My rating: 5 out of 5 stars
Sam Jordison has packed his non-fiction book The 10 Worst of Everything: The Big Book of Bad with mindboggling facts related to our past and present, which he displays in countdown lists from ten to one, with the worst offenders left to last. The author must have carried out a tremendous amount of research both in compiling lists from scratch and in sourcing existing ones.
I love it when a book teaches me loads of new stuff in an entertaining way. The author’s subjective comments are often hilarious, maybe some of them tongue-in-cheek, but who knows? He enjoys making passing jibes about Brexit and Trump, although for him he’s showing amazing restraint on the political front! I didn’t always agree with his choice of worst things. For instance, I happen to be a great fan of Game of Thrones (no. 9 in his list of worst TV programmes of all times) and adored the movie Dances with Wolves (no. 5 in the list of worst winners of the best picture Oscar).
He has divided the book into ten main sections that, in turn, he divides into sub-sections. You may not find each one of equal interest but there’s something for everybody. I read the whole book from cover to cover, but struggled a bit with lists appertaining to sport. Also, I think there’s one too many lists dedicated to The Beatles, where just one would suffice. On the other hand, I’m quite tempted to check out “The Worst Duets in Pop History” on YouTube, especially as his footnote warns you against doing so. His list “The Ten Most Brutal Shakespearean Insults” has filled me with the desire to re-visit the bard’s works, following their past slaying by the school curriculum.
For me, the two most fascinating main sections of the book were “Bad Nature”, which includes the deadliest insects and plants, scariest human parasites, and most venomous snakes; and “The Olden Days”, which includes punishments in ancient mythology, the craziest Roman Emperors, worst Popes, absurd popular scientific theories, and worst medical procedures.
Ultimately, this book demonstrated what a miracle it is that the human race has survived for so long, despite… well, I’ll leave you to fill in the ellipsis by reading the book in its entirety. And when you reach the final sub-section “The Ten Most Likely Ways the Earth is Going to End”, you’ll be delighted to discover that humans could prevent five out of ten of them.
A highly recommended read.
Sam Jordison is a journalist for The Guardian and writes regular articles about books and publishing on their website . He’s the author of several bestselling books, including the Crap Towns series, Literary London (co-written by Eloise Millar) and Enemies of the People. He’s also the co-director of the award-winning publisher Galley Beggar Press.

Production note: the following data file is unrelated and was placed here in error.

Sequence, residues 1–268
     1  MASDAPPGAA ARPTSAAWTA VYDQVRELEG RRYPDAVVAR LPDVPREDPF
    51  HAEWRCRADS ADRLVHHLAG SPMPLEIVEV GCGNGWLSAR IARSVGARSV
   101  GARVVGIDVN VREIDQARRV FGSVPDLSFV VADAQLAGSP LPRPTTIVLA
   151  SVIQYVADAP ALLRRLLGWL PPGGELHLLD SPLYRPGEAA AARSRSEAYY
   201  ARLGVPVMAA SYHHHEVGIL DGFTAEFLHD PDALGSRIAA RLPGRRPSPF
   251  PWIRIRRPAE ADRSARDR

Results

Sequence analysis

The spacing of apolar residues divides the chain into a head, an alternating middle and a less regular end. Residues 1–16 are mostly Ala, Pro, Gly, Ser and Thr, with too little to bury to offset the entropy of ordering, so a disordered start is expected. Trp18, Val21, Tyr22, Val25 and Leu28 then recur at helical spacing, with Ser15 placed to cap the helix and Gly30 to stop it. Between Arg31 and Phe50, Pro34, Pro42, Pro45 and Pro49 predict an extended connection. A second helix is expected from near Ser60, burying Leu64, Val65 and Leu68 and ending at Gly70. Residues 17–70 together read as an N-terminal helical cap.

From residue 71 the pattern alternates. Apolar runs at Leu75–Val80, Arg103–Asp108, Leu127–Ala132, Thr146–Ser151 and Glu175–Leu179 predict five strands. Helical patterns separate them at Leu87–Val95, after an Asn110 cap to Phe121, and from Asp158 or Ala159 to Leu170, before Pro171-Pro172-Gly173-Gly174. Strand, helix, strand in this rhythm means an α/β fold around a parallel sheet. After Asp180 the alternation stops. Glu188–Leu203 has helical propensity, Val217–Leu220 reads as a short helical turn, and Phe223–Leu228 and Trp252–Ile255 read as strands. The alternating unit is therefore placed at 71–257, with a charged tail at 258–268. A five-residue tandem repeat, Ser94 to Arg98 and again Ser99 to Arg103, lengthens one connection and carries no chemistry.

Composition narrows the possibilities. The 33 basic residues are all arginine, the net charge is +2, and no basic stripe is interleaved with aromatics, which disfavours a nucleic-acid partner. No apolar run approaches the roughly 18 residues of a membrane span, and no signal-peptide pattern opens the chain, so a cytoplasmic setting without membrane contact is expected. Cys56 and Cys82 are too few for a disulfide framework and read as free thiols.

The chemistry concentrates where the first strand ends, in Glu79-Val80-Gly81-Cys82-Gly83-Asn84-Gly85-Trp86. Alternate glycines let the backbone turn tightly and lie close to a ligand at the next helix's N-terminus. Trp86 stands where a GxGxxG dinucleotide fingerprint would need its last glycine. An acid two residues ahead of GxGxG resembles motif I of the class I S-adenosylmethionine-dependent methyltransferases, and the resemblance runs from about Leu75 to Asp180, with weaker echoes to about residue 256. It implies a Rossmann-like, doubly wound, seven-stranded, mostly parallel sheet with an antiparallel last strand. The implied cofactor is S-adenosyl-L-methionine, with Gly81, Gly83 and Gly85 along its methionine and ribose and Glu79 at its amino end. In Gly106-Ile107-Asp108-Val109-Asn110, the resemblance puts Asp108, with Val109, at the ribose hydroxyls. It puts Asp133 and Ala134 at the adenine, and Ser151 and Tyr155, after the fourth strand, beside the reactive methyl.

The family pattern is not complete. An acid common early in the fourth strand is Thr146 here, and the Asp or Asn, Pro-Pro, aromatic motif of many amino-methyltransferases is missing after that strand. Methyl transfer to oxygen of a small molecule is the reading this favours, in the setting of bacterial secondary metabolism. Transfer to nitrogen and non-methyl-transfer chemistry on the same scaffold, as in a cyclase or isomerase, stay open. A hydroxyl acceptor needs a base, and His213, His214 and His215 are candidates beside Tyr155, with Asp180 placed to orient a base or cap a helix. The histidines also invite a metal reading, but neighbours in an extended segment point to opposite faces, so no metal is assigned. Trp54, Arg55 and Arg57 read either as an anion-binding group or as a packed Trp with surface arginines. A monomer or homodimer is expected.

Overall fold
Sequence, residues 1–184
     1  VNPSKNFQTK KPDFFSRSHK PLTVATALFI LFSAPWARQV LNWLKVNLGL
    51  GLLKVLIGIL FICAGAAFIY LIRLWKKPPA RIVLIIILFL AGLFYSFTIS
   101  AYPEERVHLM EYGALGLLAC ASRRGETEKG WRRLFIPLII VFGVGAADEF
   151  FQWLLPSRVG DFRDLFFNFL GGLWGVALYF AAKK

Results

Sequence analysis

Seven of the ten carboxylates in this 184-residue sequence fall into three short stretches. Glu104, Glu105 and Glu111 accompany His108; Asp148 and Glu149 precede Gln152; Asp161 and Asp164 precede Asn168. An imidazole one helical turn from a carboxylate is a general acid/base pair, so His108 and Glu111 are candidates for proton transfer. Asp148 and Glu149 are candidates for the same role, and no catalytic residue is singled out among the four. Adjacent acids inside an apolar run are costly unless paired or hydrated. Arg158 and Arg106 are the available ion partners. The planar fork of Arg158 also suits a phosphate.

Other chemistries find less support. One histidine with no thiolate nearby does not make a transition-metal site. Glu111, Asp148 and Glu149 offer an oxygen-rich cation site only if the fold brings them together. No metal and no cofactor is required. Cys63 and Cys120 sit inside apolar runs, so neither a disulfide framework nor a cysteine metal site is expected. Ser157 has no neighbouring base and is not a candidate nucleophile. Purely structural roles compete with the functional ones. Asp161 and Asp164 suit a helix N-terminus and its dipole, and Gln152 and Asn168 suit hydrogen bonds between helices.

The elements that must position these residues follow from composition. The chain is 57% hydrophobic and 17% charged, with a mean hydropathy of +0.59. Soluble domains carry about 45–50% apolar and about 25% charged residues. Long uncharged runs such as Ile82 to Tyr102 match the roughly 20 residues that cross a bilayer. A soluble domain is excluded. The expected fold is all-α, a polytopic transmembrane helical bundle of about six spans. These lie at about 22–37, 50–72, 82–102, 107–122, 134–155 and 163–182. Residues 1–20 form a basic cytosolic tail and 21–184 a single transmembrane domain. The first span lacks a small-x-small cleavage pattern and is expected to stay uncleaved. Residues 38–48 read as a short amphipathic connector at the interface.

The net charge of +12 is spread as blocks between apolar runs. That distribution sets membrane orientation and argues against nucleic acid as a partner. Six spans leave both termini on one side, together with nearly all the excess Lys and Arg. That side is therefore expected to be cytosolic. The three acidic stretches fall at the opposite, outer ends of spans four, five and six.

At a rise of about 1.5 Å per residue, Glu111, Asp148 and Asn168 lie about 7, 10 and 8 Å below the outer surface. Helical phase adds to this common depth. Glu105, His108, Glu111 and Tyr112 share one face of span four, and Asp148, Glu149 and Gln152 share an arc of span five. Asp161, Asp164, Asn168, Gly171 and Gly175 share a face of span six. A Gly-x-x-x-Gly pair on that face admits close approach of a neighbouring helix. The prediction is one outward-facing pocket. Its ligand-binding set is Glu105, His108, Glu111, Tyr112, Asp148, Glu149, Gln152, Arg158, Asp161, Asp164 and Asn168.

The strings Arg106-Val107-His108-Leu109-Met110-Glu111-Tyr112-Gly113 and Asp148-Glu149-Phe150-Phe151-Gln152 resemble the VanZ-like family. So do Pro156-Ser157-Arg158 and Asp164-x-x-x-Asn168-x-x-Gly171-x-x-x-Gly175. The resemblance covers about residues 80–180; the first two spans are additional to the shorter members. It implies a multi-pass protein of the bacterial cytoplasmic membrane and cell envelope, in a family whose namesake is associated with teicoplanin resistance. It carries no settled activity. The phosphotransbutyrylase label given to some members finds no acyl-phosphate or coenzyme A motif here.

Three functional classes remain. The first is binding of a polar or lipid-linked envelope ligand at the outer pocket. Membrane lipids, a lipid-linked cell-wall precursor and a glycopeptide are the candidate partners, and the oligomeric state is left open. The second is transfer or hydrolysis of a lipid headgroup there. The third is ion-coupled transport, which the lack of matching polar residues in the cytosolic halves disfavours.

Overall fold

Genre: Mainstream fiction
Word Count: 100
~~LIPSTICK AND HIGH HEELS~~
“Lunar, my dear, you’ve a heavenly body but, for heaven’s sake, keep your mouth shut in front of my parents.”
“What’s it worth?”
“My everlasting love.”
“Liar! All you care about is your inheritance.”
“Not so. I just don’t want my snot-bag of a sister getting her hands on the money.”
“What if she’s at the dinner party, too, and wants to engage in girl-talk.”
“She doesn’t do girl-talk. …Look, it’s essential that my parents don’t get wind of my sexuality, or they won’t leave me a penny.”
“I can’t wait to kick off these stilettos and become Michael again.”
Word count: 100
~~SHE NEEDS GLASSES~~
That idiot human has just demolished my home and scattered my babies to the wind. I’ve lived here forever, festooning the wing mirror on the passenger side of the car with webs built to ensnare a bountiful roadkill of gnats and resist a driving speed of 70 mph.
The Idiot isn’t car-proud and only washes her steel beast once or twice a year, at which time I reel in the main lines of my webs and retreat to safety behind the mirror cover casing.
My size makes me easy to overlook, but a giant brick pillar is quite another matter.
Time for me to introduce you to a form of Japanese poetry that was new to me, until BillyBuc at Artistry with Words mentioned it in a recent post. Thanks, Billy, and I’m sure you won’t mind if I quote you here:-)
Dodoitsu is a Japanese poetic form where the focus is on syllables instead of rhyme or meter. Dodoitsu is a four-line poem which has seven syllables in each of the first three lines, and five syllables in the final line. Traditionally, the Dodoitsu focuses on work or love, and it usually has a humorous twist.
So here you are, my first attempt at writing something in a Japanese poetic form other than haiku and tanka (though my US cousins might prefer to replace the word “moulded” with “molded”) …
Through the window, a rainbow
she is desperate to share.
Moulded in cushion comfort,
he prefers his tea.